Changing a noun into a verb is something I think should be completely allowable. Grammar police, you should consider words like “corporatize” to be completely valid the moment the word is uttered.
Corporatization Can Be Good or Bad
Two examples I have in mind when I think of corporatization:
- High-end restaurant chains
- Dental offices
High-End Restaurant Chains
Seasons 52 is an American fresh grill and wine bar developed in 2003. The brand concept is to deliver a casually sophisticated atmosphere, seasonal menu, and offer fresh ingredients to deliver menu items that are naturally lighter.
For the moment, it’s a very well run chain of high-end restaurants. They train their staff extremely well and create quite a comfortable space in which to dine. The wait-staff goes through a pretty intensive training on the menu and how to treat guests. While I think their food would bomb with most high-end restaurant reviewers, it seems to appeal to a very wide audience.
I am afraid it will go the way of Starbucks. Starbucks started out benefitting a lot from corporatization. But it outgrew itself. Now the staff aren’t nearly as well trained or interested in their jobs there. Other decent chains, like PF Changs, Ruths Chris, Bonefish Grill, etc. have also done well (I think).
Overall, corporatization has benefitted Seasons 52 and it seems to be quite a success.
On the other hand, creating a warehouse environment for dental needs hasn’t really worked for me. Within the last month, I have been to a periodontist, a dentist and an oral surgeon’s office.
The periodontist office is small and owned by the DMD there. It’s well-run and seems to attract an excellent caliber of hygienist and office staff. It’s also very expensive, and doesn’t take my insurance.
The dentist office and the oral surgeon’s office are both examples of corporatized dentistry.
These dental chains seem to be almost like pop-up practices. They seem to appear overnight in corporate office buildings. The new offices even use cubicles and grouped dentists’ chairs (my oral surgeon had three in one large room).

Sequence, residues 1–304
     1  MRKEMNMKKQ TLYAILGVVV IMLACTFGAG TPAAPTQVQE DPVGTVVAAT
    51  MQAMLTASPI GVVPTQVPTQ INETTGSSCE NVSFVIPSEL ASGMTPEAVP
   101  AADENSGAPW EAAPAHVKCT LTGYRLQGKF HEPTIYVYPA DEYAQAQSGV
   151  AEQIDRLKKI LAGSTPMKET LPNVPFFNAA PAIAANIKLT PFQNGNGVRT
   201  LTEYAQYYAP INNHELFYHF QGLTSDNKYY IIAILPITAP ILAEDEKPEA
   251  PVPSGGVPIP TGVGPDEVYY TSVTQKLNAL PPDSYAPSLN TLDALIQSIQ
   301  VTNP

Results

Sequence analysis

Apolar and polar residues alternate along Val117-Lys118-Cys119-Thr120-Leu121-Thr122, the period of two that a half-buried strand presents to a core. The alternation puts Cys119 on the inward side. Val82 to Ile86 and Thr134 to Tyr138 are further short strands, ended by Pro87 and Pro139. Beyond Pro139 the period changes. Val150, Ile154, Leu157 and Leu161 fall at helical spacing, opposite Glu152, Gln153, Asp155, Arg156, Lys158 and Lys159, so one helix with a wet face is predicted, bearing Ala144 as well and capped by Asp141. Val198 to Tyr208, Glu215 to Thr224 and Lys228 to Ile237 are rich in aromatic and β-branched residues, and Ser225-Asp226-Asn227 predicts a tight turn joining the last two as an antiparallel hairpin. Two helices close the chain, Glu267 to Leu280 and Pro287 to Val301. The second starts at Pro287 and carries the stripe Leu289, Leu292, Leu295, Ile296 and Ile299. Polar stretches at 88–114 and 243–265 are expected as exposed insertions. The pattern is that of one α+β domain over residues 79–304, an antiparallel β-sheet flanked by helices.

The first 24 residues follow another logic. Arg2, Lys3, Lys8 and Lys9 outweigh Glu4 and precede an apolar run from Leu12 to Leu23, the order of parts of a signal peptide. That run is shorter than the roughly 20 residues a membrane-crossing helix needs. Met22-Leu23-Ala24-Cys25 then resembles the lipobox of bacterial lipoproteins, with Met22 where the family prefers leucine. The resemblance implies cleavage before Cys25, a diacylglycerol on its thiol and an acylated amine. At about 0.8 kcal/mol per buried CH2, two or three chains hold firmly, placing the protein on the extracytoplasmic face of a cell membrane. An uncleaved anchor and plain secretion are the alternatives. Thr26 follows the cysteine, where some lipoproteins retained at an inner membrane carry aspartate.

They should take some lessons from chain restaurants.
- Staff should introduce themselves, their position and what they will be doing before they stick something in your mouth. Just like a restaurant server, who annoyingly states, “My name is Lee and I’ll be your server.” any dental office staff should do something similar. “I’m Tracy and I’m a dental assistant. I’ll be taking x-rays.” I dealt with multiple staff at the two corporate dentistry offices who I had no idea who they were. The dentist should also introduce herself. It’s ridiculous not knowing to whom you’re speaking.
- Dental practices should present a sense of cleanliness. Like the chain restaurants, I NEVER have the feeling that the place is dirty. Visual and olfactory cues should never give you the sense that the dental office isn’t clean. Or better yet, as close to sterile as you can be. The oral surgeon office smelled like a dirty diaper.
- Train your staff. Don’t put staff at your reception desk who aren’t prepared. Make sure your assistants and hygienists seem confident in their ability to do their jobs.
On a positive note, the equipment in the corporate dentistry offices was more modern. They took x-rays quickly and easily. They appeared directly on the computer screen. The dentists and assistants have direct access to computer records. And they seem really well trained on the computer record system.
All that being said, I really like my new dentist and my new oral surgeon.
I’d be interested how others see corporatizing either restaurants and/or dentistry practices.
Getting closer and closer and closer to finishing the Tilt Cardigan sleeve.
I’ve finished all the increase rows and now it’s just the shaping at the top of the sleeve. I am SO glad to have this almost finished.
I also did a bit more work on the hand-knit sock in Noro Taio.
I’ve switched from 3×1 rib to plain knitting, so it should go a bit faster.